|Year : 2021 | Volume
| Issue : 2 | Page : 125-129
Male sexual function after weight-loss surgeries in a group of Saudi population
Hossam S El-Tholoth1, Abdalatiff K Bedaiwi1, Abdulrahman Binjawhar1, Ahmed A Almulhem1, Khaled K Bedaiwi1, Haider Alshurafa2, Tarek Alzahrani1, Ruyof K Alhussein1, Abdulaziz K Alhussein1, Mussa Alnumi1
1 Department of Urology, Prince Sultan Military Medical City, Riyadh, Saudi Arabia
2 Department of General Surgery, Prince Sultan Military Medical City, Riyadh, Saudi Arabia
|Date of Submission||15-Oct-2019|
|Date of Acceptance||19-Jun-2020|
|Date of Web Publication||04-Mar-2021|
Dr. Hossam S El-Tholoth
Department of Urology, Prince Sultan Military Medical City, Riyadh
| Abstract|| |
Introduction: Obesity is associated with erectile dysfunction in many studies. This study aims to inspect the impact of weight-loss surgery on the erectile function in the Saudi male population.
Patients and Methods: Forty-two consecutive male patients who underwent weight-loss surgery during a period from February 2013 to July 2016 were included in the study. Unmarried patients were excluded from the study. A designed questionnaire includes the short version of the International Index of Erectile Function (IIEF), usage of phosphodiesterase inhibitors, overall satisfaction before and after the intervention, marriage duration, and fertility postsurgery. All the participants were contacted through phone in July 2018, and then the questionnaire was mailed to them. All the data were analyzed and compared to a control group of married obese patients, who were waiting for the bariatric surgeries, using specific statistical tests.
Results: Thirty patients responded and completed the survey. Their mean age was 41.9 years (range 26–62), and the mean preoperative body mass index (BMI) was 46.3 ± 7.5, with a significant reduction in the BMI postoperatively to a mean of 30 ± 5.5. The IIEF score improved, and the overall satisfaction and feelings were better (76.7%). Only 16.7% of cases needed PDEI before and after the operation. Thirteen (43.3%) patients got children after the surgery. Univariate and multivariate analysis showed that age was a significant factor in association with both erectile function and fertility after bariatric surgeries (P = 0.02). Fertility was better in patients who underwent laparoscopic sleeve gastrectomy than gastric bypass surgery (P = 0.01).
Conclusion: The weight-loss surgeries have a significant effect on erectile function, and they improve patient sexual satisfaction. Most of these patients feel better sexual function after bariatric surgeries. Fertility outcome seems to have a positive correlation with this type of surgery. However, a larger sample size and more elaborate studies are warranted to substantiate this claim.
Keywords: Bariatric surgeries, erectile dysfunction, infertility, obesity, Saudi Arabia, weight-loss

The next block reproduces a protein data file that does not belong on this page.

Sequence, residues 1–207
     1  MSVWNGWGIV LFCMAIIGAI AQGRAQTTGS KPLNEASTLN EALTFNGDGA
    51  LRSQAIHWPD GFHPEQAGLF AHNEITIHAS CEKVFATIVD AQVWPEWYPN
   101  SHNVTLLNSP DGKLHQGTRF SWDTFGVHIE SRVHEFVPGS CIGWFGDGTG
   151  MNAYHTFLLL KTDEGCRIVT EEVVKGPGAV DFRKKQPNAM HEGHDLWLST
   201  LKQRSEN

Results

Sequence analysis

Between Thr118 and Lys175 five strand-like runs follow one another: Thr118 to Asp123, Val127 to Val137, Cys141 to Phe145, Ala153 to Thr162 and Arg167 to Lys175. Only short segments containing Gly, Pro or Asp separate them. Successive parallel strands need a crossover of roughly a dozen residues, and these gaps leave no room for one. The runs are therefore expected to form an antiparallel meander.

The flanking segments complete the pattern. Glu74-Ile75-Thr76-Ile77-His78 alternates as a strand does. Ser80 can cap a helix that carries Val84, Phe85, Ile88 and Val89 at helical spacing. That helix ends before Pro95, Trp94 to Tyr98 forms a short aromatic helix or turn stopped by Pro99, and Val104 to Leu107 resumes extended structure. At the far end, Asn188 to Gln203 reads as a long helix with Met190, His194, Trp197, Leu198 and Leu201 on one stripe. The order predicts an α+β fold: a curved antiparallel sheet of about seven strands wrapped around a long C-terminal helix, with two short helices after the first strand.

|How to cite this article:|
El-Tholoth HS, Bedaiwi AK, Binjawhar A, Almulhem AA, Bedaiwi KK, Alshurafa H, Alzahrani T, Alhussein RK, Alhussein AK, Alnumi M. Male sexual function after weight-loss surgeries in a group of Saudi population. Urol Ann 2021;13:125-9
|How to cite this URL:|
El-Tholoth HS, Bedaiwi AK, Binjawhar A, Almulhem AA, Bedaiwi KK, Alshurafa H, Alzahrani T, Alhussein RK, Alhussein AK, Alnumi M. Male sexual function after weight-loss surgeries in a group of Saudi population. Urol Ann [serial online] 2021 [cited 2021 May 13];13:125-9. Available from: https://www.urologyannals.com/text.asp?2021/13/2/125/310809
| Introduction|| |
Obesity is a ubiquitous health problem associated with type 2 diabetes mellitus, hypertension, ischemic heart disease, and dyslipidemia, and it is reported to be the fifth leading cause of mortality worldwide. In Saudi Arabia, nearly 75% of adults are overweight; this seems to be the highest world's rate and has been connected mainly to overeating habits and the sedentary lifestyle., Erectile dysfunction (ED) is defined as the inability to achieve and maintain an erection sufficient to permit satisfactory sexual intercourse. The main indication for bariatric surgery is morbidly obese patients (body mass index [BMI] more than 40) without comorbidity and for those with BMI 35 in addition to other comorbidities., Bariatric surgery is considered the most effective method of weight reduction with a progressive increase in its rate of performance. More than 300,000 bariatric operations are performed yearly in the USA. The most commonly performed weight-loss surgeries are laparoscopic sleeve surgery, Roux-en-Y gastric bypass, and laparoscopic adjustable gastric banding. Published reports suggest that bariatric surgery has a beneficial impact on the reduction of obesity-related conditions, such as hypertension and diabetes mellitus type 2. Researches have proved the impaired male sexual function in obese and overweight persons. This is contributed to central obesity, hormone disorders, diabetes, insulin resistance, and hypertension, and hence, they are more liable to suffer from ED., It may attribute to the lack of self-esteem, psychological, neurological, hormonal, and arterial or cavernosal impairment, or from a combination of these factors. Bariatric surgery is an efficacious management option for obese individuals., Nowadays, laparoscopic sleeve gastrectomy (LSG) and laparoscopic Roux-en-Y gastric bypass are the most frequent types of weight loss operations., The normalization of hormone levels and resolution of comorbidities, especially hypertension and diabetes, are the beneficial effects associated with weight-loss postbariatric surgeries. Most of the patients reduce their antihypertensive medications and diabetic drug use in the postoperative period. An improvement in quality of life is also noted. Hence, if metabolic abnormality and medical comorbidity are improved after surgery, is there a chance to improve or restore the potency after weight-loss surgery in obese patients with ED?